There are actions all of us can take to fight against racism, hate, and prejudice in our daily lives. The battle for racial justice will continue long after this week or this month, and these things have to take root in our families, neighborhoods, and cities in order to see larger, systemic changes in our country and our world.
We invite you to take a few minutes to pause and reflect with us on how we can best serve our community right now:
Prayer alone is not enough, but prayer postures our hearts. It prepares us to listen to God speaking and creates space to process and meditate on our response. We are in a time of global crisis, and we desperately need guidance from the Spirit.
Prayer is not passive, it’s powerful. If you’re feeling angry, pray for the righteous anger of God that moves towards justice. If you find yourself skipping over the pain to talk about peace and unity, sit in the discomfort a little longer. Pray for those who are hurting and grieving. Pray for God to expand your world and your relationships, especially if you mainly interact with people who look, think, talk, or vote just like you. Pray for patience and wisdom with people who disagree with you. Pray for forgiveness from people we’ve wronged, and for those who have wronged us.
Pray that we as a church family step boldly and courageously into what God is speaking to us, to lament our blind spots and our ignorance, to faithfully stand in the gap and be a bridge of true reconciliation and peace in our community. Pray for guidance and courage to step boldly into what your role in that might be.
2. Listen & Learn
Read through this list (we’ll continue to update it):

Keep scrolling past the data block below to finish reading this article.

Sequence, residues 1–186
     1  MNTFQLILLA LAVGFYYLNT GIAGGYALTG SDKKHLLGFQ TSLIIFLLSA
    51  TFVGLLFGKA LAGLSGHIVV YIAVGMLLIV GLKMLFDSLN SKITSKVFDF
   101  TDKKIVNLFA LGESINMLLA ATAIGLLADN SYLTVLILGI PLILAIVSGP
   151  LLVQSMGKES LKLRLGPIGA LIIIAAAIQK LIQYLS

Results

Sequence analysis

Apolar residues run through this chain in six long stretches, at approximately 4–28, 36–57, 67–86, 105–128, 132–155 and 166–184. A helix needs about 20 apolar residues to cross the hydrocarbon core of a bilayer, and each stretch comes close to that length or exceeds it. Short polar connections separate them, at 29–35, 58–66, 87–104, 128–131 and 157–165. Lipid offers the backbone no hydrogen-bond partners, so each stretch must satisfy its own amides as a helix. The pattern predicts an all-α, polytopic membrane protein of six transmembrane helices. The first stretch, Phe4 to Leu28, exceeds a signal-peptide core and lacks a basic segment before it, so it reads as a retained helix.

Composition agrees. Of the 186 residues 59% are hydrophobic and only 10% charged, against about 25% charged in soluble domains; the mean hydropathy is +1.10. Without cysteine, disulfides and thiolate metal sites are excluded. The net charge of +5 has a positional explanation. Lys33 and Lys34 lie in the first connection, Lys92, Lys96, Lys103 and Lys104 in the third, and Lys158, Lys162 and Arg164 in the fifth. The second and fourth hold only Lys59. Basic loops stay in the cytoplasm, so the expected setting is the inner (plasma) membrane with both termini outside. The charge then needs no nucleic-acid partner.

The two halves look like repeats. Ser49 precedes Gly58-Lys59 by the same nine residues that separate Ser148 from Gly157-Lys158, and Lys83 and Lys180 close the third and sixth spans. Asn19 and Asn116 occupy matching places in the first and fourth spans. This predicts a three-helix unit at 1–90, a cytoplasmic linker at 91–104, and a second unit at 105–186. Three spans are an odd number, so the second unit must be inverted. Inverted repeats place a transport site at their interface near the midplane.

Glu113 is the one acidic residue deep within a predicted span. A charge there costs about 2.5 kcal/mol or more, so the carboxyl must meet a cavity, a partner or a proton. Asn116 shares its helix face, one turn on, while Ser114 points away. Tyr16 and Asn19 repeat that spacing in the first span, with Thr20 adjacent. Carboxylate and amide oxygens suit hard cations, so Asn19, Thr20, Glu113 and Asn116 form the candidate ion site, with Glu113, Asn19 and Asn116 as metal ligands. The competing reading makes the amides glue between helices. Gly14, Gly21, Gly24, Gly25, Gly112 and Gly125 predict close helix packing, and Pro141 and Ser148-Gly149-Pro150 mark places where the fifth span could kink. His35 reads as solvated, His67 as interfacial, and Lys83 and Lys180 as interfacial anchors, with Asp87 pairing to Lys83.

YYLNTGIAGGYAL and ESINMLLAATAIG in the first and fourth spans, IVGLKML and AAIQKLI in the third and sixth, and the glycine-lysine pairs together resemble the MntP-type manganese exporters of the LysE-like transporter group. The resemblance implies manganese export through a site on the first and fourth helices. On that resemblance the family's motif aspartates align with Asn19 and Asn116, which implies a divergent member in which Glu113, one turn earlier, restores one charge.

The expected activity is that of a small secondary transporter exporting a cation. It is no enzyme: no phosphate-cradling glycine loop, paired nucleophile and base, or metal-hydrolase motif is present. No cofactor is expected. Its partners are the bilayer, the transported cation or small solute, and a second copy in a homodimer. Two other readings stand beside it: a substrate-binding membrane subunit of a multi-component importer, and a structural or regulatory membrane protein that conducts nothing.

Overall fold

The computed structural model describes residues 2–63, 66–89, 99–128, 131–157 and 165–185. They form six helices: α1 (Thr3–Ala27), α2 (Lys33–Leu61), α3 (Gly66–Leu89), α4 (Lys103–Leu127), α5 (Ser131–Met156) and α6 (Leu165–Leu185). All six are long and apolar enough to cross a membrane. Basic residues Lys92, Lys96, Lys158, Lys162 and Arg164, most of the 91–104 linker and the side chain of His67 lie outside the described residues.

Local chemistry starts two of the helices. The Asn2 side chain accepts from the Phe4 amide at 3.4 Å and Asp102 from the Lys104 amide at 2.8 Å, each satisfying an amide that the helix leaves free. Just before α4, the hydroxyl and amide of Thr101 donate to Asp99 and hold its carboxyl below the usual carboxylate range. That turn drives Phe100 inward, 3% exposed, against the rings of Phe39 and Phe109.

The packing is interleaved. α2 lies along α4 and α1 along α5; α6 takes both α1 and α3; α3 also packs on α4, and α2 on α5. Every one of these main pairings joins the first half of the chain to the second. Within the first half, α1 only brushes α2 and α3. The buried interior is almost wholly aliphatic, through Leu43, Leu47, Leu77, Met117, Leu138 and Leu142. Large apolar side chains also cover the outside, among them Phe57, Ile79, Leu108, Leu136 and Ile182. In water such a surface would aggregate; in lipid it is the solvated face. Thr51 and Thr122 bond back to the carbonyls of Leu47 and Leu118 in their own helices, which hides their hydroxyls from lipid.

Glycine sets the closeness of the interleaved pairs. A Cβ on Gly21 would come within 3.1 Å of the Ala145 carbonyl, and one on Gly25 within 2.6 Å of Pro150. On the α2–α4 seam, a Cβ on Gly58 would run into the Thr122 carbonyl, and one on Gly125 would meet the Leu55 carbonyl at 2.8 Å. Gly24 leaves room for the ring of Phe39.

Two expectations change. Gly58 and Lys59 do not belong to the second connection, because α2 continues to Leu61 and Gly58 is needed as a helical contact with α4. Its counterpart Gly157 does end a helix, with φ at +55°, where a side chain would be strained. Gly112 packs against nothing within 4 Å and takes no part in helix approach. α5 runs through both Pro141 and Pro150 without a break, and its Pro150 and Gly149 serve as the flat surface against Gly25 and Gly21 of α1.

Commit to being a disciple of Jesus – a humble, lifelong learner. If you are not black, listen to the personal experiences of black brothers & sisters, and don’t just listen to respond. Listen to learn.
Learn by reading through lists of resources, and decide TODAY – to purchase a book, watch a webinar, listen to a sermon, or a podcast that specifically talks about our collective responsibility as believers to fight racism. Lament the ways in which the Church and we as individuals have participated in perpetuating injustice and inequality. Stay curious and engage in these critical conversations with your friends & family.
3. Respond with Intention
Love is a verb. Love is intentional. Think about your strengths, your gifts, your circle of influence. How can you leverage your skills and passion for good? How can you amplify different voices, particularly black voices, with your platform? Ask God: what would you have me do?
We have a long way to go on the road of racial reconciliation and we will make mistakes, but we won’t give up. We will do better. We will keep leaning into our relationships, following where Jesus leads and partnering together with our communities to make on earth as it is in heaven.
If you are interested in helping lead more conversations around racial reconciliation in our Makers community, please emailÂ email@example.comÂ and let us know.